02 August 2015

St. Peter Julian Eymard


This account of the life of St. Peter Julian Eymard is excerpted from the Saint of the Day by Leonard Foley, O.F.M.

Born in La Mure d'Isere in southeastern France, Peter Julian's faith journey drew him from being a priest in the Diocese of Grenoble (1834) to joining the Marists (1839) to founding the Congregation of the Blessed Sacrament (1856). In addition to those changes, Peter Julian coped with poverty, his father's initial opposition to Peter's vocation, serious illness, a Jansenistic striving for inner perfection and the difficulties of getting diocesan and later papal approval for his new religious community.

His years as a Marist, including service as a provincial leader, saw the deepening of his Eucharistic devotion, especially through his preaching of Forty Hours in many parishes.

The Congregation of the Blessed Sacrament began working with children in Paris to prepare them to receive their first Communion. It also reached out to non-practicing Catholics, inviting them to repent and begin receiving Holy Communion again. He was a tireless proponent of frequent Holy Communion, an idea given more authoritative backing by Pope Pius X in 1905.

Inspired at first by the idea of reparation for indifference to the Eucharist, Peter Julian was eventually attracted to a more positive spirituality of Christ-centered love. Members of the men's community, which Peter founded, alternated between an active apostolic life and contemplating Jesus in the Eucharist. He and Marguerite Guillot founded the women's Congregation of the Servants of the Blessed Sacrament.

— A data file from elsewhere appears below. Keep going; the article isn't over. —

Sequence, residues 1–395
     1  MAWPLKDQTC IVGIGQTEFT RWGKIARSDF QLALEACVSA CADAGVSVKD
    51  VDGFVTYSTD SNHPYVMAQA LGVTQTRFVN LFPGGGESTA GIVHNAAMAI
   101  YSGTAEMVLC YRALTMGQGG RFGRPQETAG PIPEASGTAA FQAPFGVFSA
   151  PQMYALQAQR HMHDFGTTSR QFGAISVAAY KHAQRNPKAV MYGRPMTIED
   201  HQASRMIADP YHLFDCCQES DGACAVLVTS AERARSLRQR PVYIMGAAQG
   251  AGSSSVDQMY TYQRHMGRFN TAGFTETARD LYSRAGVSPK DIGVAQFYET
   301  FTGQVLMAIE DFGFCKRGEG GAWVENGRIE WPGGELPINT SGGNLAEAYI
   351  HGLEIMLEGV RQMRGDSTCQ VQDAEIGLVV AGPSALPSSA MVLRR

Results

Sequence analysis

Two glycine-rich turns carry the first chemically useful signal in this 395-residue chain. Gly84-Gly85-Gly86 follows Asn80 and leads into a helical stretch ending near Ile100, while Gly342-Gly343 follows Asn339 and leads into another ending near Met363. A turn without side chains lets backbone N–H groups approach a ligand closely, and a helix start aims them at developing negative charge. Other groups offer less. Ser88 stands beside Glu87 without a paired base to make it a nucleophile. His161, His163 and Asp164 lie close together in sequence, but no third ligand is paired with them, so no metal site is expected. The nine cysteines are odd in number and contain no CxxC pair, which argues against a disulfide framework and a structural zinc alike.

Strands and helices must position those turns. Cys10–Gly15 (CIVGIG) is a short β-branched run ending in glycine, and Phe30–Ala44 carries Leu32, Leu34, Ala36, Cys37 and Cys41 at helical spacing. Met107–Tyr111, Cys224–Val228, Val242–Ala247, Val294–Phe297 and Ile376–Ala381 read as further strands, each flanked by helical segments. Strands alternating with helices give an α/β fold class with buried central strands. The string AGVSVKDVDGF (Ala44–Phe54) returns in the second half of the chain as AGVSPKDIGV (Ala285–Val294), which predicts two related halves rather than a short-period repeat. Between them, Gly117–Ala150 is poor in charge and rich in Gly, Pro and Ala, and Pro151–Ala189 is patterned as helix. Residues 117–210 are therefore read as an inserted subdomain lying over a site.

Peter Julian Eymard was beatified in 1925 and canonized in 1962, one day after Vatican II's first session ended.

O God, who didst adorn St. Peter Julian Eymard with a wondrous love for the sacred mysteries of the Body and Blood of thy divine Son; grant that we may be worthy to receive the same devotion he drew from this holy banquet; through the same Jesus Christ thy Son our Lord, who liveth and reigneth with thee, in the unity of the Holy Ghost ever, one God, world without end. Amen.